Olive pits can also be used as a sustainable option in the production of artificial turf pitches and playing fields. Artificial turf is criticized because it consists of different plastics that are processed together to such an extent that they can hardly be separated from each other during disposal, or only with a great deal of effort. Artificial turf usually consists of a polypropylene ground, the "blades of grass" of silicone-coated fibers and a microplastic granulate that is dumped between the blades. For this reason, the disposed artificial turf cannot be recycled and then reused, instead it goes to incineration.

At least for the microplastic, some artificial turf manufacturers have developed an alternative solution. In this case, sand or granulated olive pits can replace the conventional plastic that is harmful to the environment and our health. The use of microplastics is criticized because the synthetic polymers end up in the environment and not only does it decompose with great difficulty but it also takes a long time. The use of olive pit granules is said to offer the same stability and playing comfort as the conventional microplastic.

Therefore, not only is the olive stone being recycled as a by-product of olive oil production, but an environmentally harmful material is also being replaced by a natural one.

Energy from olive stones

Even in ancient times, dry olive residues were burned in the mediterranean region for heating or cooking. Still today, olive pits can be burned as a former by-product to generate heat, electricity, biogas and biofuel, just like coffee grounds, grape stalks and rice husks. Incineration represents the final step in the value chain. Again, the crushed olive pits are first separated from the remaining pomace and then dried. The remaining pomace is often further processed into frying oil or oil for canning, and the dried pits are sent to incineration. The olive biomass releases a considerable amount of energy when burned and its calorific value far exceeds that of wood waste. The energy produced can be directly used in the olive oil production process.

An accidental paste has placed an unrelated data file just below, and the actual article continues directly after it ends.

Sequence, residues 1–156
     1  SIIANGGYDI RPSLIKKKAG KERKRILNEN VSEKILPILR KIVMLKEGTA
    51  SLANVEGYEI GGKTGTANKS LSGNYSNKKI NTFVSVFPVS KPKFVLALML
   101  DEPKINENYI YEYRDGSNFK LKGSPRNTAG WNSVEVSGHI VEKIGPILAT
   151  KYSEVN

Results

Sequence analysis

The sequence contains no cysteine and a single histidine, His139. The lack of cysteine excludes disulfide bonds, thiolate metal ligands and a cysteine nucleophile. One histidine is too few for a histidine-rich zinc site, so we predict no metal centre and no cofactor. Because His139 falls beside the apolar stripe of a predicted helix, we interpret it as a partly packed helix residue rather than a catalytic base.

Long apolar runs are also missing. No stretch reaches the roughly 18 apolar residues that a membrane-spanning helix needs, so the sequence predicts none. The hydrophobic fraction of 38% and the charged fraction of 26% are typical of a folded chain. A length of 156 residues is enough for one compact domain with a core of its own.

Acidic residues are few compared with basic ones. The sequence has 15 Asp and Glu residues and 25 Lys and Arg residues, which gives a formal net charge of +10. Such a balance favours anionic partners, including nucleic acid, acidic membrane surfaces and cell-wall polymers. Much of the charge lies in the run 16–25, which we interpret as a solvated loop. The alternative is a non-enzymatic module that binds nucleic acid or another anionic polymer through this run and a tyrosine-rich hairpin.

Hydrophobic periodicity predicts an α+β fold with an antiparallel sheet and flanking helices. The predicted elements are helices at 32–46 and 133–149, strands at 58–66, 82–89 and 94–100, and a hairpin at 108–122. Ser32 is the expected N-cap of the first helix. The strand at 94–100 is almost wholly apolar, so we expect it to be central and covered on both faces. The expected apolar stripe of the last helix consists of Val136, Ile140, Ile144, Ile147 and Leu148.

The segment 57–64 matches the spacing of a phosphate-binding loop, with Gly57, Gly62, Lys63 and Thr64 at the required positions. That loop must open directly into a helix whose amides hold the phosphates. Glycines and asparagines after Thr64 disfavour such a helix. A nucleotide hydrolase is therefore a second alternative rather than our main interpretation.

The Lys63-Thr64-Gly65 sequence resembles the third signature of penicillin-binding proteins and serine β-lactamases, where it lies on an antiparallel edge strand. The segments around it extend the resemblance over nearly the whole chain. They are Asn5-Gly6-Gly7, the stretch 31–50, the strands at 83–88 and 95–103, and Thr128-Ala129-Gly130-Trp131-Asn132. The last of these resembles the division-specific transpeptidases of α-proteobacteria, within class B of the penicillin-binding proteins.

Since incineration is downcycling, the other options presented should be approached preferentially. Nevertheless, as a final step, it makes sense to create added value from waste products that cannot be recycled or upcycled by recovering them for energy.

Biomass is the most important renewable energy source in Germany. If the biomass is obtained directly from by-products or residual products, the process of energy generation becomes even more sustainable. Generating energy from biomass or alleged waste products is a contribution to establishing an ecological and sustainable circular economy. The combustion of residual and waste products is thus considered to have great potential for future energy production in Germany.

Olive stones are not a waste product, but a sustainable and versatile resource. It can be used in various industries as a sustainable material for further processing. LEROMA would like to draw attention to these opportunities and possibilities for the valorization of by-products as well as surpluses and encourage companies to counteract food waste and thus motivate them to a sustainable circular economy.